Britain’s power generators will face pressure from ministers to invest their “extraordinary profits” in new green energy projects, rather than paying shareholders a windfall.
Some have made huge profits from higher electricity prices that have risen in line with the rising cost of gas, even if the power they produce comes from renewables or nuclear power.
Chancellor Nazim Al-Zahawi, Thursday, will keep alive the possibility of hitting generators with an unexpected new tax if they do not invest their profits in renewable energy projects.
“It’s one of a handful of options,” said one of Zahawi’s ally. The chancellor instructed officials to draw up a list of policy alternatives for who would become the leader of the Conservative Party and thus Prime Minister of the United Kingdom on 5 September.
Chancellor and Business Minister Kwasi Kwarting will meet with generators including Centrica, Drax and RWE to discuss the energy crisis, including the sharp jump in home bills.
The meeting follows warnings of a bleak winter for consumers, with annual gas and electricity bills expected to average £4,420 by spring – more than triple the level at the start of this year.
While the government announced support of around £15 billion, including a one-time payment of £400 per household, the measures were revealed when bills were expected to reach around £2,800 by October, well below current forecasts.
Pressure is growing for more action to help families as soaring energy costs risk tipping the broader economy into recession.
“The government is in a state of complete collapse,” said one industry figure familiar with the planned talks.
“There is a degree of panic. They are looking at everything and everything on the table.”
No decisions are expected until Liz Truss or Rishi Sunak is elected leader by members of the Conservative Party next month, prompting accusations that the government is sleepwalking into crisis.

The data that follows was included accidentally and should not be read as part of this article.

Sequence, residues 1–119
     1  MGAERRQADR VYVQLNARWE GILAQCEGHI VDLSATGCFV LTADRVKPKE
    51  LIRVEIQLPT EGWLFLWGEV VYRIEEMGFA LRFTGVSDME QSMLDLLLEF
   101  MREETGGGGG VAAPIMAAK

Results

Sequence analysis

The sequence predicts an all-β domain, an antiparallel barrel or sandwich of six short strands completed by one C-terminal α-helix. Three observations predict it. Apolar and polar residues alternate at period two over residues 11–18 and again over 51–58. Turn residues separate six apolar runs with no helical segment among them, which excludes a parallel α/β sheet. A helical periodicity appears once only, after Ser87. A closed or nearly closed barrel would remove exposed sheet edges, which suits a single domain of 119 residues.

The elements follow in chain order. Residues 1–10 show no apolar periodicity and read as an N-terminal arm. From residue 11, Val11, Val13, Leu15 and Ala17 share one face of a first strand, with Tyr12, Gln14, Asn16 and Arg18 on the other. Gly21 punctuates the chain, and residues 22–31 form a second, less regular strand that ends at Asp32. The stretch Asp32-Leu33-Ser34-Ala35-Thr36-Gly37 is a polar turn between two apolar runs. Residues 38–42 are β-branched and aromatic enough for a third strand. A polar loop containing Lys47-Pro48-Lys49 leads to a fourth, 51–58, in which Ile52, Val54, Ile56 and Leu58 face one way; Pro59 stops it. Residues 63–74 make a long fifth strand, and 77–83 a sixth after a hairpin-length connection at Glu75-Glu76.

Front Runner Truss has dismissed the idea of additional unexpected taxes on energy companies, saying last month it would “send the wrong message” to the world.
And Quarting, who is likely to be an adviser in the Truss government, is also opposed to windfall taxes, which he says are an investment deterrent.
Former chancellor Sunak first proposed a potential £3-4 billion tax on electricity generators, along with the new £5 billion tax on oil and gas producers in the North Sea.
But the Treasury’s work on the idea was halted due to technical problems with the introduction of the new tax. Sunak’s allies declined to say whether he still favored more windfall taxes on the sector.
Kwarteng has instead focused on reforming the energy market so that electricity prices more accurately reflect the cost of production.
But these reforms, which require legislation, won’t take effect before winter, raising the possibility that electric companies will generate massive surplus profits at a time when energy bills are soaring.
So ministers will ask generators to draw up their investment plans and what they can do to help consumers, as well as discuss their potential earnings and how to distribute them to shareholders.
“The government continues to assess the extraordinary profits seen in certain parts of the electricity generation sector and the appropriate and proportionate steps that must be taken,” a government spokesman said.
Talks are expected to explore the impact of lowering green fees and value-added tax from existing bills and plans to increase the discount for warm homes. The government is also likely to check the energy companies’ plans if a large number of customers refuse to pay their bills this winter.
Companies with large generation capacity, such as France’s EDF – which owns the UK’s remaining nuclear power plants – delivered stronger-than-expected revenues without a significant increase in generation costs.
The French state, which already owns 84 percent of the company, is in the process of fully nationalizing EDF and has asked the company to keep increases in French electricity bills to just 4 percent this year.
Centrica, which owns British Gas, also enjoyed stronger profits, in part due to its 20 per cent stake in Britain’s nuclear fleet.